Jonny was born in Sutton Coldfield and moved to Javea, Spain, as a youngster before, aged nine, he and his family relocated back to the UK and settled in Devon, where he attended Colyton Grammar School.
Jonny currently lives in Lincolnshire with his fiancé Vanessa and his two children. In his free time he enjoys walking, cooking, travelling, playing squash and supporting the Exeter Chiefs rugby team.
Where it all began...
“I have always wanted to fly – it is the only thing I can ever really remember wanting to do.
The commercial side of things appealed to me initially, especially during the period when I was living in Spain.
But then when I moved back to the UK and went to secondary school here, I started looking at joining the Air Force.”
From the age of 13 Jonny was an active member of the local Air Training Corps squadron. He applied to the Royal Air Force and was awarded a Sixth Form Scholarship, before subsequently joining the RAF in 2005, aged 19.
Joining the RAF...
After graduating from his Initial Officer Training (IOT) based at RAF Cranwell he was posted to RAF Wyton where he flew the Tutor aircraft as part of his Elementary Flying Training (EFT).
He graduated from Advanced Fast Jet Training (AFJT) in the summer of 2009, before being posted to RAF Coningsby, where he spent four months learning to fly the Typhoon aircraft on the Operational Conversion Unit (OCU), 29(R)Sqn.
He added: “I joined the RAF straight after I had finished my A-Levels at school in 2005. I went straight through the training process and started flying, initially on the Hawk, in 2006.
From there I went on to flying the Typhoon and I started a front line role with 11 Sqn, which I carried out for three years before becoming an instructor in 2013.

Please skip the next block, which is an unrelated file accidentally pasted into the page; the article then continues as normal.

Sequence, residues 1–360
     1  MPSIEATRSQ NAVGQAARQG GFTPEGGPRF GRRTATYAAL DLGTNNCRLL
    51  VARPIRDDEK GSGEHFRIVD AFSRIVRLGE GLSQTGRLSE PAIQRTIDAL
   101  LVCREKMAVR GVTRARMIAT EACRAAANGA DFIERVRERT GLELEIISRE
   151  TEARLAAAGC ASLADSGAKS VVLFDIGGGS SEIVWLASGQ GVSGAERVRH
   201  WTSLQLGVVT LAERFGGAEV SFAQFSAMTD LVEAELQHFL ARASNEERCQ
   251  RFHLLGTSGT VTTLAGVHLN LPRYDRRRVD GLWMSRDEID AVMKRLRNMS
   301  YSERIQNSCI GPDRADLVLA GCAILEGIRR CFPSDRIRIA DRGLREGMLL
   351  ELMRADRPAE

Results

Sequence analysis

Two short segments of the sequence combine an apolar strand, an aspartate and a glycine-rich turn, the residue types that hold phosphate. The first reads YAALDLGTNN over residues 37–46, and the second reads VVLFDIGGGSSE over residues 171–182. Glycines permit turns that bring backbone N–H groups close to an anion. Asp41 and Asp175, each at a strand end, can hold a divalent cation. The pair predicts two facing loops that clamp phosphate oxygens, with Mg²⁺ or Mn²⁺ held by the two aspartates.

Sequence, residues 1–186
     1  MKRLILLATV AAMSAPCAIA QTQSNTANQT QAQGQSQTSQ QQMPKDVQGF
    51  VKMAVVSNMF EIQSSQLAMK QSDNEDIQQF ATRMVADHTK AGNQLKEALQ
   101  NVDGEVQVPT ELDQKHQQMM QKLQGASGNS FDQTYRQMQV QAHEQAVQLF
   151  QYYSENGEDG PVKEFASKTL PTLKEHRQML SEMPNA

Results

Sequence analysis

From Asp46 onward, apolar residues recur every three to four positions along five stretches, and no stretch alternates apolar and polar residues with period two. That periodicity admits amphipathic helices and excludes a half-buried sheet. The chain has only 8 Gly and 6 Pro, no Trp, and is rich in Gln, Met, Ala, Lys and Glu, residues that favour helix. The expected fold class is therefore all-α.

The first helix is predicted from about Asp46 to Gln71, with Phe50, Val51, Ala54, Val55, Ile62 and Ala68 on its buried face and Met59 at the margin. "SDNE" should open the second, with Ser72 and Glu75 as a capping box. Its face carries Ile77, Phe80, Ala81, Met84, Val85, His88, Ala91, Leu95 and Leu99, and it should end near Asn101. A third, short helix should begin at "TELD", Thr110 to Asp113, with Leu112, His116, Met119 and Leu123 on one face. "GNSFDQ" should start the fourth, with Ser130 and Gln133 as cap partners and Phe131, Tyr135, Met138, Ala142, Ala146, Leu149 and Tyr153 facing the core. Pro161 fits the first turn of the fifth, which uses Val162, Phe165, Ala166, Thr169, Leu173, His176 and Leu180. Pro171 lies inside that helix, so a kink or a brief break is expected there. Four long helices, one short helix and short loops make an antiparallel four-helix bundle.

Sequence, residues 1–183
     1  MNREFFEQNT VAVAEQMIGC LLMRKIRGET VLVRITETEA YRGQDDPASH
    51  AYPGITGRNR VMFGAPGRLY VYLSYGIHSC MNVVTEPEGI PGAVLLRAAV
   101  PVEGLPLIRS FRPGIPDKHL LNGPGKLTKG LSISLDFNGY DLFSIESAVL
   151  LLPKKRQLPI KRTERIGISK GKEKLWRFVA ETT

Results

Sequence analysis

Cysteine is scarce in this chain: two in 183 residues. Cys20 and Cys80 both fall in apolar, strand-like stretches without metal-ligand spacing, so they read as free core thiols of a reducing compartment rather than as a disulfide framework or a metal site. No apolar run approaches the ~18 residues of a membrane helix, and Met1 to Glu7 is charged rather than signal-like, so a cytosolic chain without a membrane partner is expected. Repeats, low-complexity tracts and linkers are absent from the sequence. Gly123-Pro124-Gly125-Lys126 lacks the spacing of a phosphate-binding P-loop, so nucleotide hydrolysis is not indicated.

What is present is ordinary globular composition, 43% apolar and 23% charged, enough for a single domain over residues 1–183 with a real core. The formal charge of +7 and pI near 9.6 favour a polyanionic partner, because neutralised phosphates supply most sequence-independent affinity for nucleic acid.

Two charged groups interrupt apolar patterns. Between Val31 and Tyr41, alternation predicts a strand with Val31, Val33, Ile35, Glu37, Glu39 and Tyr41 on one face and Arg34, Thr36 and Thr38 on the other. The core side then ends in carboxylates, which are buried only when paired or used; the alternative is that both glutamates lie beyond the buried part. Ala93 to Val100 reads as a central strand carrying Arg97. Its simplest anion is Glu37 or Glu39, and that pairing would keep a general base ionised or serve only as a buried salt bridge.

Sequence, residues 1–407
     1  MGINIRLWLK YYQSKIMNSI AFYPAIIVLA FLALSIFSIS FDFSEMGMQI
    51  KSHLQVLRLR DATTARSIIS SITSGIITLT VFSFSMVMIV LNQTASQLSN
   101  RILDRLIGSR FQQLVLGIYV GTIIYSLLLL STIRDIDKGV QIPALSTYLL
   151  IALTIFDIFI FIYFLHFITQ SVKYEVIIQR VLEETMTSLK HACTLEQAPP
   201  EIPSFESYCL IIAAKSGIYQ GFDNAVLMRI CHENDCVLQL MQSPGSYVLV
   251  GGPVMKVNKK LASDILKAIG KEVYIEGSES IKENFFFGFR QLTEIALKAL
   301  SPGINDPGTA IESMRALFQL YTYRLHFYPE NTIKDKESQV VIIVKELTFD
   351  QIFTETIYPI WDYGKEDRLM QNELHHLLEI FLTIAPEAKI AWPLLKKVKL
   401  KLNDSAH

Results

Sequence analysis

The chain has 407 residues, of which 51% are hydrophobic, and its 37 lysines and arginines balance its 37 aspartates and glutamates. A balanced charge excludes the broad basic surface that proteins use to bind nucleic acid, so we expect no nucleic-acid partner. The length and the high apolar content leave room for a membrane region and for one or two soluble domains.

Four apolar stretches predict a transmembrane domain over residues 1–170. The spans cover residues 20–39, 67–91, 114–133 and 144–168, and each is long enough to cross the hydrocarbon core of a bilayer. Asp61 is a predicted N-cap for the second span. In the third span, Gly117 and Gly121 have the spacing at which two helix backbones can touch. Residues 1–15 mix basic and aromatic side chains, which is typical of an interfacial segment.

I am currently part of 29(R ) Sqn based at RAF Coningsby.
Getting into the display role...
“One pilot every year gets selected as the solo display pilot. I was lucky enough to be selected, therefore this is my main role at the moment.
We have 14 weekends planned where we are probably going to do close to 50 displays, so it is really busy at the moment, and the likelihood is we will probably pick up another couple of displays towards the end of the year.
Part of my role is to design the routines. Every year when a pilot is selected to be the Typhoon display pilot, it is up to them to design the routines, which is a great perk.
You can really put your own stamp on things and as soon as you are selected you start to look at what you want to do.
Occasionally you are nervous before a display. If maybe the weather is a little bit marginal you might get a few butterflies in the stomach, but as soon as you get into the jet, that just goes.”
“The operational roles we have done so far have mainly been around policing our skies - the Quick Reaction Alert.
We always have two aircraft in the north and two in the south and that is our primary role.
Being a display pilot, it is nice to have two different insights into the abilities of the aircraft.
I have spent a lot of time on the front line, operating the Typhoon tactically. That’s when you really see the change in its capabilities, but the nice thing about being a display pilot is it is almost getting back to basics – it is all about handling, agility and power.
You get to fly the jet to its full capability.”
Johnny has also been deployed on training operations abroad, including in The United Arab Emirates, Oman, USA and the South Atlantic.
The evolution of the Typhoon...
“The capabilities of the Typhoon have moved on hugely.
The performance of the aircraft is as good as it has always been, but it is in the aircraft systems where there has been a marked change – things like the DASS and the radar have moved on massively.
It is always nice to get back to the tactical side of things, because that is so different from what I am doing at the moment, but certainly for this short period of time I get to do it, I am really enjoying being the RAF Typhoon Display Pilot.”
For the Typhoon Display Team's Programme for this year and information on what's involved in the display work-up, visit the RAF Typhoon Display website at http://www.raf.mod.uk/typhoondisplay/